Fridays are for Friends!


For the time being, I’ve decided to dedicate Fridays to Friends! Mostly writer friends but anyone’s eligible–all you have to do is ask! Anyway, this is about getting to know writers as people not about book promotion. Though, I’m hoping you’ll at least give their books a look over to see if you might enjoy them.

Anyway, my very first friend is Ane Mulligan. She is the president of the award-winning Novel Rocket and is a multi-published playwright, humor columnist, and a three-time Genesis finalist. Her debut novel, Chapel Springs Revival, releases Sept 8th, 2014. You can find her on her website.

Wow, Ane! You sound busier than me!


What’s With Greeting Cards These Days?


Yesterday, I read a cartoon in the newspaper that reminded me of a mentor/buddy, and needing a break from writing, I went to the store to pick out a funny card to send with the cartoon.

I browsed the card section, enjoying a good chuckle—until I turned one over. Have you priced cards lately? $3.50! For a piece of paper with a joke on it? Not that my friend isn’t worth $3.50, but come on. For $3.50, it should come in chocolate.

I could do better for half the price; I’m a writer. Right? I marched out of the store and drove straight to Office Depot. In the computer section, I chose greeting card software for $29.99 and a 15-pack of Avery premium cards and envelopes for $11.99. I’d create a customized card for my friend, and have the supplies to create all my card needs for years. I was on a roll.

At home, I loaded the software, chose a funny greeting, tweaked it for my buddy, and loaded the card stock in the printer. Then I hit print. The software said to print a test page. Our printer isn’t in my office; I share it with my husband, and it’s in his office. Across the house. I walked to the printer, added a sheet of plain paper for the test, went back to my office, and clicked “okay”. Then I walked back across the house to the printer to check the test page.

I noted the direction of the arrow indicating how to put it back in for the second side, went back across the house to my office and clicked “okay print.” I then went back to the printer to see my card. But instead, it’s printed page two of the test. On my good card stock.

Sigh. I reloaded 2 sheets of regular paper on top of the card stock to repeat the exercise, walked back to my office, hit print again. Back at the printer (I’m beginning to wear a path in the carpet), instead of another test page, it’s printed my card—on regular paper.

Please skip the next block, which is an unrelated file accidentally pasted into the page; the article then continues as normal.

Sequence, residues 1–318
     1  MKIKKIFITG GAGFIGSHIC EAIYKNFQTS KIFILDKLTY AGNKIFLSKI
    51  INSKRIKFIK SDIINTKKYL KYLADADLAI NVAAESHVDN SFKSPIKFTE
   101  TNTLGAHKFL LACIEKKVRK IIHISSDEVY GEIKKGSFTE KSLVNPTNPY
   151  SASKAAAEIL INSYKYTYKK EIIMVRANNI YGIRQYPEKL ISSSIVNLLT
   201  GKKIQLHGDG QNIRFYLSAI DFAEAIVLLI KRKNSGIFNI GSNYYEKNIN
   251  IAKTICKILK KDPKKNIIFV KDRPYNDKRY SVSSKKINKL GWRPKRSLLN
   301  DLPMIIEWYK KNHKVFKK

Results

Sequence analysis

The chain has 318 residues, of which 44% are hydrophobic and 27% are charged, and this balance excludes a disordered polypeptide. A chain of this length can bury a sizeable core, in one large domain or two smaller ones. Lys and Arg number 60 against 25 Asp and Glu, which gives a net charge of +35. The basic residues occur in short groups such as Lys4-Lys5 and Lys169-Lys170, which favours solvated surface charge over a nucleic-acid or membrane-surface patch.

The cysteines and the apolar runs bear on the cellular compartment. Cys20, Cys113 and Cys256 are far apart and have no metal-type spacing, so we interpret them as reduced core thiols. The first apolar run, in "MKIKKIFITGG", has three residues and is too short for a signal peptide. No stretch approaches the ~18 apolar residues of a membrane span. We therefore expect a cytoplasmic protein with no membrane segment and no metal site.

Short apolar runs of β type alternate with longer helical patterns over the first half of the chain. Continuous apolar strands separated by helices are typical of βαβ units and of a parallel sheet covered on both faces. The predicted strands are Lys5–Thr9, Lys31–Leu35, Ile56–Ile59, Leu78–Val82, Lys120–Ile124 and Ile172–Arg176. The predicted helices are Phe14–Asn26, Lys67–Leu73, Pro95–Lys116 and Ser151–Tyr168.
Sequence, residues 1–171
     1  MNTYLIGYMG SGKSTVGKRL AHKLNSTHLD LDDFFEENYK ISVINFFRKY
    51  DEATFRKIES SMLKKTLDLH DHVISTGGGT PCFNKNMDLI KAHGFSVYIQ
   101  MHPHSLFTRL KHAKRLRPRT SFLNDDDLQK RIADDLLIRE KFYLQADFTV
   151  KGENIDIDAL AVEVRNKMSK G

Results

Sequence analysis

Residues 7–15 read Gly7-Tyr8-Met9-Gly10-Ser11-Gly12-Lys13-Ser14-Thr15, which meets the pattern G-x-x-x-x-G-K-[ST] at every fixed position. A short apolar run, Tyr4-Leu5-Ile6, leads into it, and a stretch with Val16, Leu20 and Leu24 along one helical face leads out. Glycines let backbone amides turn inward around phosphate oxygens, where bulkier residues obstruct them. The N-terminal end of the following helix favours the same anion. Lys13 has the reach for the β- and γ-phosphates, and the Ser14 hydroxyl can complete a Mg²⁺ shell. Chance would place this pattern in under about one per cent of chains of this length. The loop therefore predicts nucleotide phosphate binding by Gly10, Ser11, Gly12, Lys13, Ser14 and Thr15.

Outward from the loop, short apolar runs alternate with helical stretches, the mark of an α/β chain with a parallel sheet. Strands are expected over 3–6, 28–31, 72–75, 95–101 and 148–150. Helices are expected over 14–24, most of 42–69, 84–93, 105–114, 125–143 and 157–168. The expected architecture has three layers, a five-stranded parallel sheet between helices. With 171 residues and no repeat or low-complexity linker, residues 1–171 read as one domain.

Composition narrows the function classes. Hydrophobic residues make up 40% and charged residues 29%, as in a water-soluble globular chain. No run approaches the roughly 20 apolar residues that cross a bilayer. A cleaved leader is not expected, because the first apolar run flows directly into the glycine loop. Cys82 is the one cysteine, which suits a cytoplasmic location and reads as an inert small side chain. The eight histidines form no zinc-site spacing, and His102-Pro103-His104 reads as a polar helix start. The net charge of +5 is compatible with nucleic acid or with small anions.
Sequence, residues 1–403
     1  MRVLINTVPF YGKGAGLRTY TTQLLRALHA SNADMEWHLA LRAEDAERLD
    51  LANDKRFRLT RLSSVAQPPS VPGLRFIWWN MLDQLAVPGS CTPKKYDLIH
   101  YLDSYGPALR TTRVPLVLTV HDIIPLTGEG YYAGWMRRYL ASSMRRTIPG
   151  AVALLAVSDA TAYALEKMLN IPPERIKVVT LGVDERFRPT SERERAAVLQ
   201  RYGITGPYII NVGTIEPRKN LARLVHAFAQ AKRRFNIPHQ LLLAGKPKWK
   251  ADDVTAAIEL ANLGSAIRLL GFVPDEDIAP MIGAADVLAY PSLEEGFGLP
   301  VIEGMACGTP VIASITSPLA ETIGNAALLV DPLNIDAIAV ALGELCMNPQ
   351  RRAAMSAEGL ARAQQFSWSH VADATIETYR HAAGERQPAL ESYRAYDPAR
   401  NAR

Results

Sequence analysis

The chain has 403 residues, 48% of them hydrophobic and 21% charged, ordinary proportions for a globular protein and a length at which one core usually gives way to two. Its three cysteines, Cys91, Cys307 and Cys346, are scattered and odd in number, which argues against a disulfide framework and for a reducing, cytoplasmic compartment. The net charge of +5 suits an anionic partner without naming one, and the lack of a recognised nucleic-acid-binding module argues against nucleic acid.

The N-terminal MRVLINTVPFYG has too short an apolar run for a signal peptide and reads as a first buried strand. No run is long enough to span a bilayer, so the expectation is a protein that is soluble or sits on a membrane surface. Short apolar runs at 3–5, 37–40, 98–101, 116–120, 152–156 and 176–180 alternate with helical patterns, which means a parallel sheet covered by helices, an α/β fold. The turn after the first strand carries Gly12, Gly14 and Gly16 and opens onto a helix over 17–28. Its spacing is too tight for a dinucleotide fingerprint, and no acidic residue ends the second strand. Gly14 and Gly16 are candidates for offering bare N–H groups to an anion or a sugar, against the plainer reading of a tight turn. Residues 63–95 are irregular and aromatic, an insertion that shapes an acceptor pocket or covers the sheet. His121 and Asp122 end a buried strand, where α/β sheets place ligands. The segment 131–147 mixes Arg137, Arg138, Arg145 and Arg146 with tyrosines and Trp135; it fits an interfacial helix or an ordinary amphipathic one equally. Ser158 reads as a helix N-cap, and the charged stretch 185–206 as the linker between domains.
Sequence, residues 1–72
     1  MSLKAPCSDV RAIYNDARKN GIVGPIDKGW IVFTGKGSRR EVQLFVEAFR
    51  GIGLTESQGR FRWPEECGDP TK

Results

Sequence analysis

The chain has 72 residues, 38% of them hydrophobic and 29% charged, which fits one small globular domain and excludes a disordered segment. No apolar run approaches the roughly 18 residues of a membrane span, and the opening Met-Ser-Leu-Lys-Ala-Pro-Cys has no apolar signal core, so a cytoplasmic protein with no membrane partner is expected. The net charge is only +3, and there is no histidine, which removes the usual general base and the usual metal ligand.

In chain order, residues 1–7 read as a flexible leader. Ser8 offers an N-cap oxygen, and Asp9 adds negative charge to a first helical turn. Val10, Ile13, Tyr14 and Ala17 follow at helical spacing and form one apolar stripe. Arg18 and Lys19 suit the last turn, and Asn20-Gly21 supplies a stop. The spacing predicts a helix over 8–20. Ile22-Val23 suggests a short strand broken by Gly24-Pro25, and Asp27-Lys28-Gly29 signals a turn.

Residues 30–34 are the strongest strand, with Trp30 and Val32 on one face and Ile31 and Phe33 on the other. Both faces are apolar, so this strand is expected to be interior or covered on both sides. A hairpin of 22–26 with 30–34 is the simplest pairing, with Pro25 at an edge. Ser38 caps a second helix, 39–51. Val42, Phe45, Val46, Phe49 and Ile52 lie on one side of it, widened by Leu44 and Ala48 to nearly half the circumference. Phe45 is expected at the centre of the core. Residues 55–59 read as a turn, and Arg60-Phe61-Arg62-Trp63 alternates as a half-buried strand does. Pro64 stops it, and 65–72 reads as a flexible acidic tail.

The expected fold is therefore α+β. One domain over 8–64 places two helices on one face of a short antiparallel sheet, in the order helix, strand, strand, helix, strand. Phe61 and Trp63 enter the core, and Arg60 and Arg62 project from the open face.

Gritting my teeth and thinking that a three dollar and fifty cent card was looking better by the minute, I reloaded the card stock, stomped back to my office and clicked print. The card printed. On the right paper. YES! I put the sheet back into the printer in the direction according to the test arrow, ran back to my office and clicked “print card inside.”

Back at the printer, I removed my wonderful, customized card. I folded it and read it. The front was perfect. I opened it.

The inside was printed upside down.

I mailed it anyway. Stupid card cost me $35.94. She had better like it.


Funny story, Ane! I know exactly how you feel.  I go through bouts when I make greeting cards with my stamps and stuff. I know they don’t look as good as the store ones–but I hope they’re more meaningful. At least, that’s why I tell myself.

Thanks for sharing your story.


5 thoughts on “Fridays are for Friends!

  1. I share your pain, Ane – that’s exactly why I fork over the big bucks for cards! Except… I usually buy the 99-cent variety. If you want to make homemade ones, do it with markers and stick figures. Trust me, the recipient will treasure it. If the recipient is your parent, anyway, and you’re 6 yrs old when you create it.

    And Lil, thanks for featuring Ane. Two friends on one page – woo hoo!

Leave a Reply

Fill in your details below or click an icon to log in: Logo

You are commenting using your account. Log Out /  Change )

Google photo

You are commenting using your Google account. Log Out /  Change )

Twitter picture

You are commenting using your Twitter account. Log Out /  Change )

Facebook photo

You are commenting using your Facebook account. Log Out /  Change )

Connecting to %s